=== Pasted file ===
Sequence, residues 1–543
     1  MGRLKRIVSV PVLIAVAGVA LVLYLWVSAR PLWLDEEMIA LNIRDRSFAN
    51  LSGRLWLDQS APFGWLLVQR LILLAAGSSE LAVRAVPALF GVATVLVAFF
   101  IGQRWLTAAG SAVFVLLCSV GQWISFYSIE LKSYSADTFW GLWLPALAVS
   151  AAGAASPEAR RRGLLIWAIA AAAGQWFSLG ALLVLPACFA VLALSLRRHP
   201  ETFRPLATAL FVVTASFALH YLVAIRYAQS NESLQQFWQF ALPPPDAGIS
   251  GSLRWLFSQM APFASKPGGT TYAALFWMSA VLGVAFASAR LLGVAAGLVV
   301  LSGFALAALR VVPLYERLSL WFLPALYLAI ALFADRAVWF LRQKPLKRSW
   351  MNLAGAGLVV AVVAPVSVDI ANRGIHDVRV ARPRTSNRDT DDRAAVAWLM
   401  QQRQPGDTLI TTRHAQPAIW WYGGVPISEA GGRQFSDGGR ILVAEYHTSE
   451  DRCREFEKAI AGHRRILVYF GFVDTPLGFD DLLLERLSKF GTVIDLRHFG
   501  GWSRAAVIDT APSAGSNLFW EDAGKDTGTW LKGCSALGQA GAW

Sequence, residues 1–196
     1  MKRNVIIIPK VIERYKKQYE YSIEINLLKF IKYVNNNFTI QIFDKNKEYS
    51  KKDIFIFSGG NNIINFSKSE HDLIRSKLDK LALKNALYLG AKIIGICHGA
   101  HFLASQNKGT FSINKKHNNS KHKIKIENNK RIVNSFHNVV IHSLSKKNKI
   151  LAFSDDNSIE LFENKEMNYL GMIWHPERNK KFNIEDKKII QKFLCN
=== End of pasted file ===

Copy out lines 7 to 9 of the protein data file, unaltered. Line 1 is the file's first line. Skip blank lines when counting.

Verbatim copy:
   251  GSLRWLFSQM APFASKPGGT TYAALFWMSA VLGVAFASAR LLGVAAGLVV
   301  LSGFALAALR VVPLYERLSL WFLPALYLAI ALFADRAVWF LRQKPLKRSW
   351  MNLAGAGLVV AVVAPVSVDI ANRGIHDVRV ARPRTSNRDT DDRAAVAWLM